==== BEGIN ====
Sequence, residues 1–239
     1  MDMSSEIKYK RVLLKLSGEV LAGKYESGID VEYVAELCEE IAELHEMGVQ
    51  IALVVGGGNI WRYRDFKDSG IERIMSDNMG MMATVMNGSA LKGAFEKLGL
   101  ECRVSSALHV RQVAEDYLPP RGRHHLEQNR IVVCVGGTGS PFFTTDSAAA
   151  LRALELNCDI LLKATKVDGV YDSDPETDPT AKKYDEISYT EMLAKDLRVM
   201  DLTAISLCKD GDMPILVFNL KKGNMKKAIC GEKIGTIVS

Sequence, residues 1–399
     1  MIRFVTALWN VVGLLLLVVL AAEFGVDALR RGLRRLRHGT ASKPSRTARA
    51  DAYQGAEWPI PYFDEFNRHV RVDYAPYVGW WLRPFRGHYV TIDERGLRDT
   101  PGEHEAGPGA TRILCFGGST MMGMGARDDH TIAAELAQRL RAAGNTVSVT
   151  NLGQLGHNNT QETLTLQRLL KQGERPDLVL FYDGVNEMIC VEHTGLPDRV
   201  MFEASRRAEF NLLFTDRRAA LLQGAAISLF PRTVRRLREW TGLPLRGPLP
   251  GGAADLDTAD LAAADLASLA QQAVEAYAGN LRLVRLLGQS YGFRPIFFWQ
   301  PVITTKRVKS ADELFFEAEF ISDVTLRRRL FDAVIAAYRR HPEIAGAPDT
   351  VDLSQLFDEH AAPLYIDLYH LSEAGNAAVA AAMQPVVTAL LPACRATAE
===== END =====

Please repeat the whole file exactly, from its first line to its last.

Sequence, residues 1–239
     1  MDMSSEIKYK RVLLKLSGEV LAGKYESGID VEYVAELCEE IAELHEMGVQ
    51  IALVVGGGNI WRYRDFKDSG IERIMSDNMG MMATVMNGSA LKGAFEKLGL
   101  ECRVSSALHV RQVAEDYLPP RGRHHLEQNR IVVCVGGTGS PFFTTDSAAA
   151  LRALELNCDI LLKATKVDGV YDSDPETDPT AKKYDEISYT EMLAKDLRVM
   201  DLTAISLCKD GDMPILVFNL KKGNMKKAIC GEKIGTIVS

Sequence, residues 1–399
     1  MIRFVTALWN VVGLLLLVVL AAEFGVDALR RGLRRLRHGT ASKPSRTARA
    51  DAYQGAEWPI PYFDEFNRHV RVDYAPYVGW WLRPFRGHYV TIDERGLRDT
   101  PGEHEAGPGA TRILCFGGST MMGMGARDDH TIAAELAQRL RAAGNTVSVT
   151  NLGQLGHNNT QETLTLQRLL KQGERPDLVL FYDGVNEMIC VEHTGLPDRV
   201  MFEASRRAEF NLLFTDRRAA LLQGAAISLF PRTVRRLREW TGLPLRGPLP
   251  GGAADLDTAD LAAADLASLA QQAVEAYAGN LRLVRLLGQS YGFRPIFFWQ
   301  PVITTKRVKS ADELFFEAEF ISDVTLRRRL FDAVIAAYRR HPEIAGAPDT
   351  VDLSQLFDEH AAPLYIDLYH LSEAGNAAVA AAMQPVVTAL LPACRATAE